Date on Master's Thesis/Doctoral Dissertation


Document Type

Doctoral Dissertation

Degree Name

Ph. D.


Anatomical Sciences and Neurobiology

Degree Program

Anatomical Sciences and Neurobiology, PhD

Committee Chair

Guido, William

Committee Co-Chair (if applicable)

Bickford, Martha

Committee Member

Bickford, Martha

Committee Member

Borghuis, Bart

Committee Member

Gregg, Ron

Committee Member

McCall, Maureen

Author's Keywords

thalamus; vision; circuit; geniculate; inhibition; mouse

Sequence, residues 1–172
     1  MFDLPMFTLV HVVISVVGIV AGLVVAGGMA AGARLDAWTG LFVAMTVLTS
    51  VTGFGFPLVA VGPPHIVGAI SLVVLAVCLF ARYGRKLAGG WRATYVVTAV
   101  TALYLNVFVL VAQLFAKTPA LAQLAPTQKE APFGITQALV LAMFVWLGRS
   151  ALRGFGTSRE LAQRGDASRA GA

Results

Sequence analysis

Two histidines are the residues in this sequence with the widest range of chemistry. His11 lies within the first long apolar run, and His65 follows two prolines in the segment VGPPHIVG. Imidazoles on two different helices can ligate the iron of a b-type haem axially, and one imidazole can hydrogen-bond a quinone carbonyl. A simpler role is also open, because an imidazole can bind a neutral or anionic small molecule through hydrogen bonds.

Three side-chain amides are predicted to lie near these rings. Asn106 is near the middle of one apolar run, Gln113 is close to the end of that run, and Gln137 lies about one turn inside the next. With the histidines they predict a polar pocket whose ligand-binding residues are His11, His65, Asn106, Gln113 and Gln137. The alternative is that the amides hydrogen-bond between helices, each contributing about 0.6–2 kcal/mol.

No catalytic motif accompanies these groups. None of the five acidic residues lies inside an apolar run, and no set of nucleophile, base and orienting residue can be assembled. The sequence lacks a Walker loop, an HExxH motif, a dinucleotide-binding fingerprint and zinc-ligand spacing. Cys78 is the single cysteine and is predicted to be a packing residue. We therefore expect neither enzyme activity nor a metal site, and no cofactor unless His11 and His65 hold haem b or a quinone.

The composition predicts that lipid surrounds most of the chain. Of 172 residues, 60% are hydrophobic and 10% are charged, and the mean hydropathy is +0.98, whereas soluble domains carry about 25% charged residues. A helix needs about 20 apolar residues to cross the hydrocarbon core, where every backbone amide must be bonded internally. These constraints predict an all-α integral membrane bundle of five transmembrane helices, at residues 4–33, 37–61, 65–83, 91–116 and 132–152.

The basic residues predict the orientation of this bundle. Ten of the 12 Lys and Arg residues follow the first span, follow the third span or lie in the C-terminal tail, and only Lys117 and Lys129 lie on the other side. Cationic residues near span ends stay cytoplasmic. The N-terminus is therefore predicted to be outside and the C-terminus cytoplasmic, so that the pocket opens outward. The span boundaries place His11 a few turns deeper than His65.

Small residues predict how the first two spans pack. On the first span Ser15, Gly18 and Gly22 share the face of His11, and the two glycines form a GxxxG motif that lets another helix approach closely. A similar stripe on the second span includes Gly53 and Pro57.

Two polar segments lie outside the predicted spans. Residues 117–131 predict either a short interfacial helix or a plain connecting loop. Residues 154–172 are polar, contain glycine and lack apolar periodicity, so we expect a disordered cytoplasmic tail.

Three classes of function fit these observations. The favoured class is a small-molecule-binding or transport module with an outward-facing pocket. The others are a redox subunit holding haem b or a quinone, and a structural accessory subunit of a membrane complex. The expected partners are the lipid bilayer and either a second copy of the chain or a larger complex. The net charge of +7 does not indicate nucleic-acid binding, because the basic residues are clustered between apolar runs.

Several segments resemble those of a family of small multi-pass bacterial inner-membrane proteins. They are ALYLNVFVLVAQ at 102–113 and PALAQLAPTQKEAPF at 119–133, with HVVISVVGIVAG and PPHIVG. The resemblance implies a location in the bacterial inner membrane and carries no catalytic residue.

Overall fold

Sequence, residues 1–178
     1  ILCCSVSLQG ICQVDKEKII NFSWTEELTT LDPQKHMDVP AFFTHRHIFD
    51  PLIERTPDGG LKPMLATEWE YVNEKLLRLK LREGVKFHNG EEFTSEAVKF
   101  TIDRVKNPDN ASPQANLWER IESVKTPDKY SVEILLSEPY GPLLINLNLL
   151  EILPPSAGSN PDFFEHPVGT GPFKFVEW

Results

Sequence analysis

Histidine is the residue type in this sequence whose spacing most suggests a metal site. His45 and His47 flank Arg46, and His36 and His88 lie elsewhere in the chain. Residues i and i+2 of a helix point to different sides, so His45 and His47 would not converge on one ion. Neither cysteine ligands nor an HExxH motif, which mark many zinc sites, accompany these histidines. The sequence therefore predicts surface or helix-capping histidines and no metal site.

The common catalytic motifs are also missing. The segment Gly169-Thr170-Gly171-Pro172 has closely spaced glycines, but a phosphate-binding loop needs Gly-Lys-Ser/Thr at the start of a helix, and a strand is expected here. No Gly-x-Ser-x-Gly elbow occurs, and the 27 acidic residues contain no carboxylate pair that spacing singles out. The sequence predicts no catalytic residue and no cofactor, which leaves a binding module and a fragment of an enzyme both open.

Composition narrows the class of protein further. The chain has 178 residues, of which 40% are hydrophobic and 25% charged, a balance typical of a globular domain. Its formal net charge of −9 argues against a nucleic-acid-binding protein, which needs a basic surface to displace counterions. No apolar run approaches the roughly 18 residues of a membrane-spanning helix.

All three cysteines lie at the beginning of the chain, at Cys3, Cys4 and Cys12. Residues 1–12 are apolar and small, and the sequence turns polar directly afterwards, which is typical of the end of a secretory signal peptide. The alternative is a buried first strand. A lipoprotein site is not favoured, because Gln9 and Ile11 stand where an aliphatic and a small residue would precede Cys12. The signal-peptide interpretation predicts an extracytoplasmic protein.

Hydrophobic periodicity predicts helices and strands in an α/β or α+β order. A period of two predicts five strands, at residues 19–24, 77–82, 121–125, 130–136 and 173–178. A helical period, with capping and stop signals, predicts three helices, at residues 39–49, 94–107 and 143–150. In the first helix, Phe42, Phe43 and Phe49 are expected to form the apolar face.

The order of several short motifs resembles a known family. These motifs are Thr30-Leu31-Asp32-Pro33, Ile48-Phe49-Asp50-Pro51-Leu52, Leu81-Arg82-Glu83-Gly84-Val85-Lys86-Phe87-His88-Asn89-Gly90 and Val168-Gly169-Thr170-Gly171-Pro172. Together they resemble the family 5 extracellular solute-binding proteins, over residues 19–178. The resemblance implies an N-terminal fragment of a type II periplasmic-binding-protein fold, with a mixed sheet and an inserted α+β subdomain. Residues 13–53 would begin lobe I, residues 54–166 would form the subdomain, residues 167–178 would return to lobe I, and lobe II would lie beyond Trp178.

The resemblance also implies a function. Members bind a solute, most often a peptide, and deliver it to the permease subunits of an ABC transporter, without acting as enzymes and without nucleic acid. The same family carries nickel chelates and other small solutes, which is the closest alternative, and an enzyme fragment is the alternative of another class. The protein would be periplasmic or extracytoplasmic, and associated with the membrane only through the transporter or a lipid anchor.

The thalamic reticular nucleus (TRN) is an interface between thalamus and cortex that regulates thalamocortical rhythms and modulates sensory processing. Thalamocortical axon collaterals provide feedforward excitatory input onto GABAergic TRN neurons, which in turn convey feedback inhibition to dorsal thalamus. Here we used the mouse visual system to study the organization, pattern of innervation and functional responses between TRN and the dorsal lateral geniculate nucleus (dLGN). We used genetically modified mice to target components of this feedback loop (feedforward: CRH-Cre; feedback: GAD65 or SST-Cre) and we created Math 5-/- strains to examine the impact of visual deaffrentation in these circuits. We conducted both anterograde and retrograde neural tracing to assess the organization of sensory feedforward projections in TRN and established that the configuration we observed in adults is present at perinatal ages in both WT and Math 5-/- mice. To examine the formation and functional maturation of intrathalamic circuits, we used confocal microscopy to examine when terminals arrive, and electrophysiologic recordings during optogenetic stimulation in acute thalamic slice preparations to assess the maturation of functional responses. Although thalamocortical projections were present in TRN at birth, feedforward circuits emerged during the second postnatal week and continued to mature through the third week. Feedback projections were established during the first postnatal week but functional responses continued to develop through the fourth postnatal week. In Math 5-/- mice, feedforward projections were unchanged compared to WT but feedback terminals arrived at earlier ages and exhibited more synaptic suppression at higher rates of stimulation. In adults, ultrastructural analysis of feedback projections revealed that TRN terminals only form synapses with relay neurons, a result confirmed by electrophysiological recordings. Recordings in acute slices established that tonic TRN activation hyperpolarized and suppressed relay neuron firing in a frequency-dependent manner. The impact of frequency was confirmed in vivo in an awake behaving head fixed preparation. Together, these experiments advance our understanding of the synaptic nature of TRN inhibition of dLGN. They also establish the developmental pattern of connectivity between dLGN and TRN, both in the presence and absence of retinal signaling.